It was a Saturday full of international news as the networks scrambled to cover the breaking news that the international military community was launching air strikes in Libya, keep up with the nuclear radiation threats in Japan, and oh yeah, wasn’t Egypt still in the aftermath of a revolution just a few weeks ago?
CNN/U.S. and CNN International ran with a live simulcast at 11 a.m. eastern time after French President Nicolas Sarkozy announced, “we are intervening in Libya.” The other cable news nets, MSNBC and Fox News jumped in with live coverage of the breaking news from Libya throughout the afternoon as well, with Fox touting an exclusive scoop that the U.S. was also planning to intervene (MSNBC confirmed the news from the Pentagon later).
But it was planned remarks from President Obama that seemed to catch CNN off guard. All of the cable news nets had been teasing the expected address from Obama, who was traveling in Brazil (CNN’s Ed Henry was among the journalists in the pool). But when Obama did finally speak around 4 p.m. eastern, Fox News and MSNBC both had the live audio-only feed – and CNN went to commercial.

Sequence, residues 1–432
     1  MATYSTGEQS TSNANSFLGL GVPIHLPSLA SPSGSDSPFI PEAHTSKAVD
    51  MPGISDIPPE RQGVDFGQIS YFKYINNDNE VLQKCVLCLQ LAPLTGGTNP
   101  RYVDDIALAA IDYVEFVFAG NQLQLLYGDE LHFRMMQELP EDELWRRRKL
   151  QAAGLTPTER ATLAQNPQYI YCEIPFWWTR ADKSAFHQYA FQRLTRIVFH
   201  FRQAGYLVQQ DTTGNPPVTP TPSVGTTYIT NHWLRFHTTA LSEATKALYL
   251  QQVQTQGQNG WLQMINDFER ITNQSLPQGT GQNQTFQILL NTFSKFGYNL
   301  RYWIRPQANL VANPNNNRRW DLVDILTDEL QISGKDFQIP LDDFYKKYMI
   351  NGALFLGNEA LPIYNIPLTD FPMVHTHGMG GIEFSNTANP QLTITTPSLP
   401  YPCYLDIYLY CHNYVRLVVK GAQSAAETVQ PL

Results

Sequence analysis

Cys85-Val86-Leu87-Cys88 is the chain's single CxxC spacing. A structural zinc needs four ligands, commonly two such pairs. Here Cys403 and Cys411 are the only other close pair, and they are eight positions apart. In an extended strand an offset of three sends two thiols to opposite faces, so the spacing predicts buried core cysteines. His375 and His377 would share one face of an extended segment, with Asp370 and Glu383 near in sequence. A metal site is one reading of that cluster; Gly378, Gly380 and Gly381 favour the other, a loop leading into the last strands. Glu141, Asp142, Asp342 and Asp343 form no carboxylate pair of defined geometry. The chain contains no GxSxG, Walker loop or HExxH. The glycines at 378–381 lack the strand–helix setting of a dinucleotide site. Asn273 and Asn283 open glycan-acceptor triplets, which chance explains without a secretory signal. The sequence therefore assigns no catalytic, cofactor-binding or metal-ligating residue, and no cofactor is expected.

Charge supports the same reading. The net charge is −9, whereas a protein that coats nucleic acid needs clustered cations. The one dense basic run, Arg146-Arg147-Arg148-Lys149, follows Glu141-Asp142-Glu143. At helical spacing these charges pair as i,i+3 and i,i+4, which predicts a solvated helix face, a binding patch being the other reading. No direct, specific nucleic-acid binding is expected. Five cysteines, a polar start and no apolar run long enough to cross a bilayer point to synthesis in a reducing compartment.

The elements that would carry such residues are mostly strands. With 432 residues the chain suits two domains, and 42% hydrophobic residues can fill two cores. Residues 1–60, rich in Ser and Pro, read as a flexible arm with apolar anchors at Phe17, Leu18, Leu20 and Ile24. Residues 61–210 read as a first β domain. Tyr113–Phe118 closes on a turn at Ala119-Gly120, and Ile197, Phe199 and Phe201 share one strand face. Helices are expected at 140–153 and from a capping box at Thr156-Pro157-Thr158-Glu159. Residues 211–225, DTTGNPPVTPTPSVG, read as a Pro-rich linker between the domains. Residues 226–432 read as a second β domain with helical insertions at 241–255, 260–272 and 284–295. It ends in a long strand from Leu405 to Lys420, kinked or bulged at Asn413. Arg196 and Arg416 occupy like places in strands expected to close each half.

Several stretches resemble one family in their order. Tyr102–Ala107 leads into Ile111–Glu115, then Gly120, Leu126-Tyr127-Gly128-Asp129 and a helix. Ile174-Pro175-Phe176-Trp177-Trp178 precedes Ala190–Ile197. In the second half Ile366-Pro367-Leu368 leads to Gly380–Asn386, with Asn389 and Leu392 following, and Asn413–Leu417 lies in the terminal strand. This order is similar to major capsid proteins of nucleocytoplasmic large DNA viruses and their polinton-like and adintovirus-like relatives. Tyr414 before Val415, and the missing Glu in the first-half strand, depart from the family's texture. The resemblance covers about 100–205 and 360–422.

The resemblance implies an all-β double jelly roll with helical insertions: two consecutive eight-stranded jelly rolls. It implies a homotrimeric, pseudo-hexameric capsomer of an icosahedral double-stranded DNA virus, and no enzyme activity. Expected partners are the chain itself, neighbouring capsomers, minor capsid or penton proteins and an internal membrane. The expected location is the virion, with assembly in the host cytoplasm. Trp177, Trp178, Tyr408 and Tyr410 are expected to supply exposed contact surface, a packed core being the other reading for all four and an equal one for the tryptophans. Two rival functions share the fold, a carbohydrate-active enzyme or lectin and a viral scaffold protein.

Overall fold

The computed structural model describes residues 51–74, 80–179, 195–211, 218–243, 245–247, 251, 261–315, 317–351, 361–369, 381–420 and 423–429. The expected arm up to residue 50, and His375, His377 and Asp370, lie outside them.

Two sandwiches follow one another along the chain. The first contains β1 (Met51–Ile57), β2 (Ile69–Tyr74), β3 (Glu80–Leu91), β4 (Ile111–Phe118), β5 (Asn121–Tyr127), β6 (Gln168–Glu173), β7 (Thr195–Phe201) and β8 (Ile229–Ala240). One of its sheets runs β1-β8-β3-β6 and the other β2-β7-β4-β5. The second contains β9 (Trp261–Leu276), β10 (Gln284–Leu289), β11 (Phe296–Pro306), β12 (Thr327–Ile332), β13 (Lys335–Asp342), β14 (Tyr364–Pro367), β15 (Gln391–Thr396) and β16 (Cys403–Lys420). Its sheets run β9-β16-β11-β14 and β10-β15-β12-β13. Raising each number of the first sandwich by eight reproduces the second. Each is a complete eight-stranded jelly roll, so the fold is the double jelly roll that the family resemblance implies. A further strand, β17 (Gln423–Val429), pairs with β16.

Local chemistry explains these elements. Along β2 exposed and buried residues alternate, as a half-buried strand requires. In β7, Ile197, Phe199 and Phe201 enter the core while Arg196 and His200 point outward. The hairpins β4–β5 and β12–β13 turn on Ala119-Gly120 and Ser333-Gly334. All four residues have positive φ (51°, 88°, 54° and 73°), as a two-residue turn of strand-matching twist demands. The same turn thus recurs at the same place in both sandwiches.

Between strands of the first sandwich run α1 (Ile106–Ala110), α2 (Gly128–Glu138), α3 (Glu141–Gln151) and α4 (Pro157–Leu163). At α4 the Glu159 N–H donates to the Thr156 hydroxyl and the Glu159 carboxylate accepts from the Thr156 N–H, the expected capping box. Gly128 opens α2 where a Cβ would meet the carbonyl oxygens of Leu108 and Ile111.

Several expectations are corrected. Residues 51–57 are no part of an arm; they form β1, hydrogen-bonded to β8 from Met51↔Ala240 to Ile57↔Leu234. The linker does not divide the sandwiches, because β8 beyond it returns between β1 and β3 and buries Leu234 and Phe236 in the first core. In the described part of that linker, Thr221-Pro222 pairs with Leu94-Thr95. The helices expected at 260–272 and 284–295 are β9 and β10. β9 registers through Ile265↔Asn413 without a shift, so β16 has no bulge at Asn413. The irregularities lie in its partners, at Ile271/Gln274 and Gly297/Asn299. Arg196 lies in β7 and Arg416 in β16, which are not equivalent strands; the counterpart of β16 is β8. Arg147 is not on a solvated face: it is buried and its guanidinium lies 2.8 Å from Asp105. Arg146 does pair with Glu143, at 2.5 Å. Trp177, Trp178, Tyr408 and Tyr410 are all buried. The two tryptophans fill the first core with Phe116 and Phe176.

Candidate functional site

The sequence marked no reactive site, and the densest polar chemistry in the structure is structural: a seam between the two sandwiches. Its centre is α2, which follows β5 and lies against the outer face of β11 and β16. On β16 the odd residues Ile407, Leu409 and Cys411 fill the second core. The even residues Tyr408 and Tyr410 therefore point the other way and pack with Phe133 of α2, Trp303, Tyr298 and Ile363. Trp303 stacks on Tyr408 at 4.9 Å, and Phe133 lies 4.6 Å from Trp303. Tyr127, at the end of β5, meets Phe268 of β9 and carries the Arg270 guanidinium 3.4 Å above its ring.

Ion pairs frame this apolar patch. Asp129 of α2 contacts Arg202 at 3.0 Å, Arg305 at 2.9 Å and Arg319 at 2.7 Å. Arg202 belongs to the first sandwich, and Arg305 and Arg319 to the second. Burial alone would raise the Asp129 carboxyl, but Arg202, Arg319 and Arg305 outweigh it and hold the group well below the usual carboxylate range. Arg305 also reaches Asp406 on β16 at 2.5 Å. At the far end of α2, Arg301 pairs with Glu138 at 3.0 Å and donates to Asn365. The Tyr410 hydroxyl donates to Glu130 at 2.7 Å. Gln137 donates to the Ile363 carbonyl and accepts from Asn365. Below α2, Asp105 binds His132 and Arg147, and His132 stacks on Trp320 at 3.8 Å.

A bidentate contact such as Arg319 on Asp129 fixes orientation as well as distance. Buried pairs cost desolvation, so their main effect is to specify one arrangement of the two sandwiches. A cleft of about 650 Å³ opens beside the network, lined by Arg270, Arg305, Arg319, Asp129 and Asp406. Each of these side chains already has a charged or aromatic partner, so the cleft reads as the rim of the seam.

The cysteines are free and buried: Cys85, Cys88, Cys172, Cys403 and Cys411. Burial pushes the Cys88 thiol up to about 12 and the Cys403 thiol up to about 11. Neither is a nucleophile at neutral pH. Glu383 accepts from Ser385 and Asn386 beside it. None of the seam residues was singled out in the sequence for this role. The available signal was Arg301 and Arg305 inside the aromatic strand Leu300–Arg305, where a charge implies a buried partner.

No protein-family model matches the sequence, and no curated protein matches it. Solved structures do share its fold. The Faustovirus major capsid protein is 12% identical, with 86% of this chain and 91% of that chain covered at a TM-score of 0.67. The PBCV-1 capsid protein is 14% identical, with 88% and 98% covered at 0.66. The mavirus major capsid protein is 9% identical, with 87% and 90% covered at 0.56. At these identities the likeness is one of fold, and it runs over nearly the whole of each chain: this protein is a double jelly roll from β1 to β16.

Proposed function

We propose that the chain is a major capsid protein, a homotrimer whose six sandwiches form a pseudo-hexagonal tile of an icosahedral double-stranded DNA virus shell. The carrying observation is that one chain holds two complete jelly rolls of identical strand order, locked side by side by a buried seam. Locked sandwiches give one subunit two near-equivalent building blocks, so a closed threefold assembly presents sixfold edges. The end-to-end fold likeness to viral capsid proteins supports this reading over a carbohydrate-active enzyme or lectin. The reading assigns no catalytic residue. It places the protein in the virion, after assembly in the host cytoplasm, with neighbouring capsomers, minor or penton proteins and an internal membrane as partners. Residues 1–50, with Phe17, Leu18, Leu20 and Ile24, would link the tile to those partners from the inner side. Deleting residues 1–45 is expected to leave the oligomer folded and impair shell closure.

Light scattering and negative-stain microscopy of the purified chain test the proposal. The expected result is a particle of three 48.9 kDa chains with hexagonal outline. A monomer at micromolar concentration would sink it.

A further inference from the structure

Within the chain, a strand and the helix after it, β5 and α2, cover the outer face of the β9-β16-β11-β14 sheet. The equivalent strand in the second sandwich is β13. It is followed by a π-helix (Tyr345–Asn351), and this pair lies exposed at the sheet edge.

Even when CNN returned from the break it didn’t pick up the audio, and only after Obama had finished his remarks, and MSNBC already had Chuck Todd analyzing them, did CNN put Henry on the air to summarize what was said. How bad does it look for a network that prides itself on its breaking news coverage to be on commercial when the President of the United States is announcing U.S. military action against another Muslim country? Pretty darn bad.
A CNN spokesperson reached for comment Saturday could not say what happened with their units at press time. But apparently the President’s statement was done on short notice, which is why none of the networks carried live video feed. A tweet from White House press officer Dan Pfeiffer to New York Times reporter Brian Stelter said, “this was not the nets fault. We did the statement on short notice so the pool didn’t have sat capacity.”
CNN’s Henry did say on-air that they would have video footage of Obama’s statement at a later time.
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